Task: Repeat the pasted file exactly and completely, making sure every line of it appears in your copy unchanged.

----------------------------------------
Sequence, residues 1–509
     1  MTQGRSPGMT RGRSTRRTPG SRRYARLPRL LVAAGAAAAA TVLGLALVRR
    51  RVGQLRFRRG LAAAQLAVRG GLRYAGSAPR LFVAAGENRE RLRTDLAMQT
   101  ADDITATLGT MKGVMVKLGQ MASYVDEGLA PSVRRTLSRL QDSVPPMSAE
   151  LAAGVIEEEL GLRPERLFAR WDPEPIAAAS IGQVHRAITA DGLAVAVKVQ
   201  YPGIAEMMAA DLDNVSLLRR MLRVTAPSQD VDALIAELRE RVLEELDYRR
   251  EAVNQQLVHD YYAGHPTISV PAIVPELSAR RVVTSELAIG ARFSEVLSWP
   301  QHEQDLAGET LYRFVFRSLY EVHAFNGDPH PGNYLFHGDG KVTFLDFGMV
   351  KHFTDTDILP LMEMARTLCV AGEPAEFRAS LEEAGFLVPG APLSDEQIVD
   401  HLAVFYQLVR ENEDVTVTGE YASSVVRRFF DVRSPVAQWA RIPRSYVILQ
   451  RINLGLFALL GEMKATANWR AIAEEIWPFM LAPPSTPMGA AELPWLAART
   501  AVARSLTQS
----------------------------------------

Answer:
Sequence, residues 1–509
     1  MTQGRSPGMT RGRSTRRTPG SRRYARLPRL LVAAGAAAAA TVLGLALVRR
    51  RVGQLRFRRG LAAAQLAVRG GLRYAGSAPR LFVAAGENRE RLRTDLAMQT
   101  ADDITATLGT MKGVMVKLGQ MASYVDEGLA PSVRRTLSRL QDSVPPMSAE
   151  LAAGVIEEEL GLRPERLFAR WDPEPIAAAS IGQVHRAITA DGLAVAVKVQ
   201  YPGIAEMMAA DLDNVSLLRR MLRVTAPSQD VDALIAELRE RVLEELDYRR
   251  EAVNQQLVHD YYAGHPTISV PAIVPELSAR RVVTSELAIG ARFSEVLSWP
   301  QHEQDLAGET LYRFVFRSLY EVHAFNGDPH PGNYLFHGDG KVTFLDFGMV
   351  KHFTDTDILP LMEMARTLCV AGEPAEFRAS LEEAGFLVPG APLSDEQIVD
   401  HLAVFYQLVR ENEDVTVTGE YASSVVRRFF DVRSPVAQWA RIPRSYVILQ
   451  RINLGLFALL GEMKATANWR AIAEEIWPFM LAPPSTPMGA AELPWLAART
   501  AVARSLTQS